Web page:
Wednesday, January 4, 2012

Summer Safety Week-Hiking Hazards: First Aid For Sprains

The great outdoors-a winding trail stretching deep into the forest, offering hikers a glimpse of nature in its prime. The solitude is broken by the call of a distant bird flying high overhead. You turn to look up and are momentarily blinded by the sun. You stumble and catch your foot on a root. Down you tumble with a sharp pain erupting in your ankle.
Joint injuries are a common occurrence for outdoor enthusiasts. Even with precautions, an injury can result in fractures, dislocations or sprains. St. John Ambulance, Canada's leader in safety-oriented™ first aid training and products, advises that first aid knowledge can reduce suffering and the risk of further injury.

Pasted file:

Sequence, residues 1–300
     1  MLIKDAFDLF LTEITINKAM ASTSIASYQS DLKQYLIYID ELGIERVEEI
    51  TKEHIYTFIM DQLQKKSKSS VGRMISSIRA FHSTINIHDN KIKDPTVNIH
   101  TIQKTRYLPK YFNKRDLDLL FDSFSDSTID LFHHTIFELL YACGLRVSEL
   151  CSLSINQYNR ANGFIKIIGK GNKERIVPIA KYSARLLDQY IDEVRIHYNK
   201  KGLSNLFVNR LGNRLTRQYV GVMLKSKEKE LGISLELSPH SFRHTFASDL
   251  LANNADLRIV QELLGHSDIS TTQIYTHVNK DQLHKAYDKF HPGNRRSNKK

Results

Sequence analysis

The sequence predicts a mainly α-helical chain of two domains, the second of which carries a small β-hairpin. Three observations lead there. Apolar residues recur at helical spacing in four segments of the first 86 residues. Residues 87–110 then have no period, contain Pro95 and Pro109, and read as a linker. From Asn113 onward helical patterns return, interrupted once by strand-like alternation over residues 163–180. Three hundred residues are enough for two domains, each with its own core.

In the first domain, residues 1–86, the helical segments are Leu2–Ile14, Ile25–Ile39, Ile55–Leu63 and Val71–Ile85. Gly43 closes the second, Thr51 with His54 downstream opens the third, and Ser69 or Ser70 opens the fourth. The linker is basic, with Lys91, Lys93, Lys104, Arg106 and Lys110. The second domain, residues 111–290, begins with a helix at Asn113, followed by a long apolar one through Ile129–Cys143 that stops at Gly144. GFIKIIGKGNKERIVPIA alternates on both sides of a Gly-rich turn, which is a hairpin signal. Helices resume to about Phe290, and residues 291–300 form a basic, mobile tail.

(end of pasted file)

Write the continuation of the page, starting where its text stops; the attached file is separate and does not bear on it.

Bones at a joint are held together with tough bands called ligaments. When ligaments stretch and tear, it's called a sprain. A first-degree sprain is least severe, with the ligament merely stretched. A second-degree sprain involves some tearing of the ligament while a third degree sprain is when the ligament is completely torn.
Most sprains benefit from Rest, Ice, Compression and Elevation-RICE.
Rest: Stop the activity and do not use the injured joint.
Ice: Apply cold to the injured area, but not directly to the skin.
Compression: Use a bandage to compress the injury to limit swelling.
Elevation: Raise the injured joint to relieve pressure and promote blood flow.
Knowing what to do in an emergency can help reduce suffering and prevent further injury. St. John Ambulance has been helping Canadians learn essential lifesaving first aid skills for more than a century. With custom, modular programs and state-of-the-art training techniques, St. John Ambulance is Canada's leader in training. For more information on courses in your area, contact the branch nearest you or check us out on the web at